The Daily Tar Heel

Serving the students and the University community since 1893

Monday September 20th

What some of the flooding in Chapel Hill after Hurricane Florence looks like

<p>Kyrie and Michael Benton carry food and some of their waterlogged belongings through the grounds of Camelot Village apartments in Chapel Hill the morning of September 17, 2018. Chapel Hill had been seemingly spared the worst of Hurricane Florence but Sunday night into Monday morning saw a downpour of heavy rain that caused flash flooding around the Triangle. Camelot Village has seen flooding in the past but never to this degree, according to Kyrie and other residents of many years. "I lost everything in this flood," Kyrie said. Just as quickly as it flooded, the water began to recede late the same morning and early in the afternoon.</p>
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Kyrie and Michael Benton carry food and some of their waterlogged belongings through the grounds of Camelot Village apartments in Chapel Hill the morning of September 17, 2018. Chapel Hill had been seemingly spared the worst of Hurricane Florence but Sunday night into Monday morning saw a downpour of heavy rain that caused flash flooding around the Triangle. Camelot Village has seen flooding in the past but never to this degree, according to Kyrie and other residents of many years. "I lost everything in this flood," Kyrie said. Just as quickly as it flooded, the water began to recede late the same morning and early in the afternoon.

After Hurricane Florence made landfall on Friday, Sept. 14., towns and cities across the state experienced damage, destruction and record-breaking flooding. The Town of Chapel Hill, though not a community that experienced the brunt of the storm, did experience flooding in several neighborhoods.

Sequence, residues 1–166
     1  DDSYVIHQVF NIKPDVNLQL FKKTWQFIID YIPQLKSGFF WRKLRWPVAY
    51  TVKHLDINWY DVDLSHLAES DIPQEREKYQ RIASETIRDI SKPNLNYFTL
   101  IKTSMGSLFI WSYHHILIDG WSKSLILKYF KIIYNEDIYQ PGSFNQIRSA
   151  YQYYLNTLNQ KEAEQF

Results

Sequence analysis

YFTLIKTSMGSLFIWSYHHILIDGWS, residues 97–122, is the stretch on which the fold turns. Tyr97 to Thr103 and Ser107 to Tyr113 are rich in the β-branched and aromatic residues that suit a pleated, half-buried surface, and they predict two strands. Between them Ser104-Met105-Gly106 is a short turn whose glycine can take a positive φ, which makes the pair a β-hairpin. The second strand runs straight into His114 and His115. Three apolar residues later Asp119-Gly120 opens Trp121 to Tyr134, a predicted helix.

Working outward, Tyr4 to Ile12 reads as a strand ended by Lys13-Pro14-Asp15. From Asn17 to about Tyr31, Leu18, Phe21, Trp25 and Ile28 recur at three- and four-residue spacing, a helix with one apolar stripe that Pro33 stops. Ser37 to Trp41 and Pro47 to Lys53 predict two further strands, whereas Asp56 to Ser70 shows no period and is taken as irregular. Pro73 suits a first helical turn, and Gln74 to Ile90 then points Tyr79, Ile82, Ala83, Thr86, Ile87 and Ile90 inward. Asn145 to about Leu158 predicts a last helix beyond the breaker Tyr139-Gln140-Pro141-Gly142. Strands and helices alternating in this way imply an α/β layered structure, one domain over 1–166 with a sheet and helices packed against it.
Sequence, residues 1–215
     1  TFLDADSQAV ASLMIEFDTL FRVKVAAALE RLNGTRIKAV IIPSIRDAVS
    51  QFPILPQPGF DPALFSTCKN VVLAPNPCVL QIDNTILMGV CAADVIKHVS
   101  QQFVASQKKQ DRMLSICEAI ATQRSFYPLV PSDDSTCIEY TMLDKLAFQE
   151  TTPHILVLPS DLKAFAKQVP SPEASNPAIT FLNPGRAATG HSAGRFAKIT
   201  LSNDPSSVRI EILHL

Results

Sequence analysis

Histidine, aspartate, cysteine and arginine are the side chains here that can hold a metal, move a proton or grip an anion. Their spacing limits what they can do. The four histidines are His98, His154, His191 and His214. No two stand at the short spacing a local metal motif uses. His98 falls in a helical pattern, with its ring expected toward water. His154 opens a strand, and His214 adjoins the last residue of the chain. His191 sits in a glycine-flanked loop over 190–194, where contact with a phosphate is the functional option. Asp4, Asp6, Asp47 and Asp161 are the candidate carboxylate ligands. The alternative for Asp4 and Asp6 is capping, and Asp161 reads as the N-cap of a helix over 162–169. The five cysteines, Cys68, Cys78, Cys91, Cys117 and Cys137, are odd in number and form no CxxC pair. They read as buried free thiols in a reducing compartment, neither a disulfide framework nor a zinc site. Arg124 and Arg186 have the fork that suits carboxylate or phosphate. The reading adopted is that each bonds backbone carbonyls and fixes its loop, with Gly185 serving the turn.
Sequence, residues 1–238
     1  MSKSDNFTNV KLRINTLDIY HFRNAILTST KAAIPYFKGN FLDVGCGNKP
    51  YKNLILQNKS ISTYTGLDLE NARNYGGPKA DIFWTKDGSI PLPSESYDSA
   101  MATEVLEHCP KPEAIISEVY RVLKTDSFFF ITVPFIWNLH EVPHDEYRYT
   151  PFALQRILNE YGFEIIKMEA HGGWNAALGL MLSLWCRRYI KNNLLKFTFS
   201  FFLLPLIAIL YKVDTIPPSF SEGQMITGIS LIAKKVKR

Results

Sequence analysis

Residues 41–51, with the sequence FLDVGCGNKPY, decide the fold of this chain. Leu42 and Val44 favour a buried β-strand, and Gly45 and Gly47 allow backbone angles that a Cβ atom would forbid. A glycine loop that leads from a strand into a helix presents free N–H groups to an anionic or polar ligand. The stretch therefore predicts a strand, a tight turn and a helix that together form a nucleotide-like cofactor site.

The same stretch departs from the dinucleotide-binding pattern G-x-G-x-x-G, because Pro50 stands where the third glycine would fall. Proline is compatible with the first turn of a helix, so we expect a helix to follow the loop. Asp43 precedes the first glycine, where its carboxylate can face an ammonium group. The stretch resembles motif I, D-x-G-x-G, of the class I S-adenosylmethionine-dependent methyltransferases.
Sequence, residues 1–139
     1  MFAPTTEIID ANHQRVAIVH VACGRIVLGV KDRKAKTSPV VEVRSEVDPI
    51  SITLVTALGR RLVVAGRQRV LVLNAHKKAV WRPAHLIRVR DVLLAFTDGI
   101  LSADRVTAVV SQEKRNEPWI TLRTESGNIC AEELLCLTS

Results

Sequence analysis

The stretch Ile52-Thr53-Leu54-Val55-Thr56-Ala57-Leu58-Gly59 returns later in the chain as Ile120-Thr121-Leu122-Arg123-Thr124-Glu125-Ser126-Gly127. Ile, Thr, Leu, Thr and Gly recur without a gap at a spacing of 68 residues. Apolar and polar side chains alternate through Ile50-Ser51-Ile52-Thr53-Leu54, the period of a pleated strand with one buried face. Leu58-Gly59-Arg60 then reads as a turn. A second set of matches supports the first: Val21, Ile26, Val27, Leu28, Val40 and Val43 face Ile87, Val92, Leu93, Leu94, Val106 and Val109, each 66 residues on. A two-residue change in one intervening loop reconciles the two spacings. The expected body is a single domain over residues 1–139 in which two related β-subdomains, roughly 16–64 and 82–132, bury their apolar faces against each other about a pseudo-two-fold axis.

As Chapel Hill returns to normal operations, here is a look into some of the flooding Chapel Hill experienced, captured by DTH photographer Alex Kormann. 

Kyrie and Michael Benton carry food and some of their waterlogged belongings through the grounds of Camelot Village apartments in Chapel Hill the morning of September 17, 2018. Chapel Hill had been seemingly spared the worst of Hurricane Florence but Sunday night into Monday morning saw a downpour of heavy rain that caused flash flooding around the Triangle. Camelot Village has seen flooding in the past but never to this degree, according to Kyrie and other residents of many years. "I lost everything in this flood," Kyrie said. Just as quickly as it flooded, the water began to recede late the same morning and early in the afternoon.


Anthony Woods walks through the flooded streets of Camelot Village apartments. The apartments are subject to flooding but this is the worst residents have seen in years.  


A Carrboro fire truck drives through a flooded section of North Greensboro Street on September 17, 2018. Parts of Carrboro and Chapel Hill experienced flash flooding after feeling minimal effects from Hurricane Florence in early September. 


James Allen evacuated Jacksonville, NC ahead of Hurricane Florence in an effort to save what he could from the storm. He has spent the week at his friend's house in Chapel Hill and thought he had least spared his newly purchased car from the storm, knowing his home was likely destroyed. "That car is my lifeline. I work all over the state and need that car to pay my bills," Allen said. The neighborhood resting on a creek is subject to flooding but had been spared until the morning of September 17, 2018 when a sudden downpour of heavy rain forced creeks to crest in Chapel Hill around University Place.


James Allen checks the engine of his car while standing in flood waters. It was left running when the street flooded. There was a loud boom and white smoke began to radiate from under the hood. As soon as the water had receded low enough, Allen went to check the damage.



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